The study recommends that the city needs to rely less on motorised transport by having corridors for pedestrians and cyclists
“Therefore, the air transport can be one of alternate transport in Kigali,” it notes.
Cable cars; a competitive advantage for Rwanda?
Generally, cable cars are mainly used in regions of high altitude for tourism, and for public transportation in some cities located in mountains, with Medellin in Columbia, Caracas in Venezuela, and Algeria in the world considered as some examples.
The study strongly highlights that this alternative means of transport has shown a remarkable change in people’s daily lives.
It improved accessibility and mobility for residents, particularly for those living in areas where the topography limits other forms of transport. Some of the major advantages of cable car technology are the ability to climb gradients with slopes as high as 100 per cent or greater.
It also has minimum direct impact to the environment due to the use of electricity instead of fuel and reduced noise pollution, lower cost of implementation and operation than other transportation systems, and almost zero accident rates.
The three researchers think this is best fit for a country like Rwanda and was confirmed by majority of people who were interviewed during the study, saying there would be no queues, no congestion and it would be quick.
Alfred Byiringiro, Transport Division Manager at the Ministry of Infrastructure, said it is something that the country is considering in the future and something feasible.
“It is one of the transport modes that we are considering in the future. There is innovation everywhere and [using] cable cars is also one of the innovations we envision in Rwanda,” he noted.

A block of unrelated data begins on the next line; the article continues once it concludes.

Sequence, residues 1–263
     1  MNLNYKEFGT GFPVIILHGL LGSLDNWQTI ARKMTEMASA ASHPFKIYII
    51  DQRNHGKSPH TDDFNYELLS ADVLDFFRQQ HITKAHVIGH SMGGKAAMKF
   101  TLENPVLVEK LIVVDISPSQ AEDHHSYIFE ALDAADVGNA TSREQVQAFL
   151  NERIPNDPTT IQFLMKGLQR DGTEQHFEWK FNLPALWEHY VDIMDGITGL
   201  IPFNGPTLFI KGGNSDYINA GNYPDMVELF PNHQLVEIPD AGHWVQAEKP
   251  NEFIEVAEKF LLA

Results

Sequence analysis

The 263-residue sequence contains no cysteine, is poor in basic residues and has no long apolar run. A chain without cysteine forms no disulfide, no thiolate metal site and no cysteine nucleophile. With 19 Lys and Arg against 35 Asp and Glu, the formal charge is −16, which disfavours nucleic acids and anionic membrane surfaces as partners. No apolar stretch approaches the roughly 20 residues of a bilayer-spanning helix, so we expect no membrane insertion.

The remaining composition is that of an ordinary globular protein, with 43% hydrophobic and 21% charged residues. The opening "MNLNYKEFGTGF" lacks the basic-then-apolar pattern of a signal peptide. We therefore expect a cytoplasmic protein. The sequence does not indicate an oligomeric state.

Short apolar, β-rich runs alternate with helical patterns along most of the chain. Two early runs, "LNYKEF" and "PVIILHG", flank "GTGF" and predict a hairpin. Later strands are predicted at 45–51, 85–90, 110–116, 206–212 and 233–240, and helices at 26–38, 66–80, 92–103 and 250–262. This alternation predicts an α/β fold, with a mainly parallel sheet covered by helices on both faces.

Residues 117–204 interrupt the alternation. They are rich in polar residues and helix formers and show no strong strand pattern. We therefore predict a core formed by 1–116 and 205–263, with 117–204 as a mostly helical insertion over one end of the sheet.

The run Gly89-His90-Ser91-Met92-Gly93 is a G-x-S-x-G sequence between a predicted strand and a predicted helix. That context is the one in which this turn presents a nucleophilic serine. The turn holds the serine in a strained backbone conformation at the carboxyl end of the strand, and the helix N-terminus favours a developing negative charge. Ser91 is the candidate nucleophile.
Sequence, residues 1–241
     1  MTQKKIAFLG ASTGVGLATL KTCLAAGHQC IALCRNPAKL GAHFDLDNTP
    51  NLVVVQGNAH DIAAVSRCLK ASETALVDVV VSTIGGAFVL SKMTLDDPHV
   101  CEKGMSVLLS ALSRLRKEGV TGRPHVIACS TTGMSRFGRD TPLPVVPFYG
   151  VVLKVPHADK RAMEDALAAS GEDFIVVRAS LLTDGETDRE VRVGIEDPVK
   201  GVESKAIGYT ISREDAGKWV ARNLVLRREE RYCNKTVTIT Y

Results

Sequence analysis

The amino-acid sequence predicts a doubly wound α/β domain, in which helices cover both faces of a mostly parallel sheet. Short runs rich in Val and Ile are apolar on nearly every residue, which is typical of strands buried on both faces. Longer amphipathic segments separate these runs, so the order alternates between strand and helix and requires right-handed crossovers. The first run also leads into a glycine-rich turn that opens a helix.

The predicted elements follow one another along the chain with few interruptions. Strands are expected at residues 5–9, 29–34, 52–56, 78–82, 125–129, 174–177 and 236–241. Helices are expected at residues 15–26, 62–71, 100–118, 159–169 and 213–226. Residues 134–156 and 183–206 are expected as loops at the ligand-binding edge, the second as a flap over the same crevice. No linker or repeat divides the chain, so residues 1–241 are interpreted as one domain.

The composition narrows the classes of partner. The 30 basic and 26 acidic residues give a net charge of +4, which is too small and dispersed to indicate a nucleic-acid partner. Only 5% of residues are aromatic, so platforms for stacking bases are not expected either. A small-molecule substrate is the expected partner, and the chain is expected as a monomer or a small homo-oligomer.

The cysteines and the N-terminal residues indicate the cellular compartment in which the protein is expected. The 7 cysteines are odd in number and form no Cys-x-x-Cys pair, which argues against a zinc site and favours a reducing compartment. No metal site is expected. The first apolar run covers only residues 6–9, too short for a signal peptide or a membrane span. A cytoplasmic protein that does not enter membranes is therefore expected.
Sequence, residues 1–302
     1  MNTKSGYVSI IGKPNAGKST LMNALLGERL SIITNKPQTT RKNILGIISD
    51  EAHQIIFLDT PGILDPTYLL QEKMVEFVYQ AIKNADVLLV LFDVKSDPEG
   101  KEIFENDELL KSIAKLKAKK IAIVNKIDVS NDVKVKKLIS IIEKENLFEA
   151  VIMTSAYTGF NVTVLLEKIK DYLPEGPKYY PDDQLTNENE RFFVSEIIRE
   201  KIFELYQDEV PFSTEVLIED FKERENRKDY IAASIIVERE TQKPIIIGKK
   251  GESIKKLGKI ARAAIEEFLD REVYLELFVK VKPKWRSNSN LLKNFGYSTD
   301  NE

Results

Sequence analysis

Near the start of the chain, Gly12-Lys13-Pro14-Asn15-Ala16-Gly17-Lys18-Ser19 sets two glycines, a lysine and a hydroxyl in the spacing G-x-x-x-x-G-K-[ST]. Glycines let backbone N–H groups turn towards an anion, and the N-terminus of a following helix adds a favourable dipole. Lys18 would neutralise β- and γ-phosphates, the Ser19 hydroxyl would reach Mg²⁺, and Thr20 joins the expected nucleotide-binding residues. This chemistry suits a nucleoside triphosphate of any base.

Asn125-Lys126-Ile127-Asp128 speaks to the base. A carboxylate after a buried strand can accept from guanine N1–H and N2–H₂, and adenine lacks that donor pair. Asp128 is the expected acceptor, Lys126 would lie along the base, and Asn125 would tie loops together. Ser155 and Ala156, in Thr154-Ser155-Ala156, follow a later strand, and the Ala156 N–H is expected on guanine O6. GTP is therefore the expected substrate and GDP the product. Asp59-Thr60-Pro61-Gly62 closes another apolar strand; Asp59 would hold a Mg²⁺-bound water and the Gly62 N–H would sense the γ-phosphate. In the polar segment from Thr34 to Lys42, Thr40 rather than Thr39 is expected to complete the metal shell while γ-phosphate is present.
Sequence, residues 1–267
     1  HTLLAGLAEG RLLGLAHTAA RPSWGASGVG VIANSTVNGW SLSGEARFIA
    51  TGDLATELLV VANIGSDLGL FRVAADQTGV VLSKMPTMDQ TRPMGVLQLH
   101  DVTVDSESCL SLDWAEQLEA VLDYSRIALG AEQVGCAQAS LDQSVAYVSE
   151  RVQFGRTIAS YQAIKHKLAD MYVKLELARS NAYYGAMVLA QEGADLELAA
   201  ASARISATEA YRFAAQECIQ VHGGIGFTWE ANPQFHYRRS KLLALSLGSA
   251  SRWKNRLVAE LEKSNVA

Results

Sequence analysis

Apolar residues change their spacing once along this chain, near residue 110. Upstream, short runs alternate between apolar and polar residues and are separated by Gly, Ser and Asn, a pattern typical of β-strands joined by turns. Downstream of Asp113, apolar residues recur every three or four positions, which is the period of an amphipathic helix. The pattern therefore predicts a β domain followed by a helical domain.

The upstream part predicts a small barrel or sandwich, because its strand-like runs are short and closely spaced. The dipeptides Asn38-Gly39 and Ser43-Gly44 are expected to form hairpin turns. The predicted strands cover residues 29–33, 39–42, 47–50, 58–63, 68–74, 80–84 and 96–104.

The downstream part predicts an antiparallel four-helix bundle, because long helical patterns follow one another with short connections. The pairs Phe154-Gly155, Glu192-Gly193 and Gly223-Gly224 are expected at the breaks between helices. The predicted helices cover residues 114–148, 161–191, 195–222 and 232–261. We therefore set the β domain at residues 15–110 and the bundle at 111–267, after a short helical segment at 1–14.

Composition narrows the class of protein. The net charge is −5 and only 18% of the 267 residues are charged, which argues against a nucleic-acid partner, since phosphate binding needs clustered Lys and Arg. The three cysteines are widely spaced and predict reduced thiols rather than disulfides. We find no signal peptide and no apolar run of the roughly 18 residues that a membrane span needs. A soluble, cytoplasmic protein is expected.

He highlighted that they are currently in discussion with development partners and investors to explore the potential of this mode of transport, as adopting such means of transport would require a public-private partnership.
He, however, said that every undertaking needs an independent feasibility study beyond the academic research.
“We believe in such research but at the end of the day you need to carry out an economic feasibility study for an investor to know if it viable, and how long it could take to get back the investment,” he said.
Byiringiro explained that the ministry is developing related legislation for modern transportation, and that as the master-plan of Kigali is being reviewed, this mode of transport will be catered for. The study targeted five areas and the respective lines were identified. Lines A, B, C, D and E.
Line A starts from Kimisagara hill and continues to Maison des jeunes Kimisagara, then to G.S Cyahafi and finally to Gakinjiro; Line B starts from Kacyiru Car Park to Gacuriro Apartments.
On the other hand, Line D would start from Remera Amahoro Stadium through Remera Car Park to EARR Church, while Line E, the smallest one, would start from Makuza House through Kigali city Market to Downtown car park.
Source: The New Times.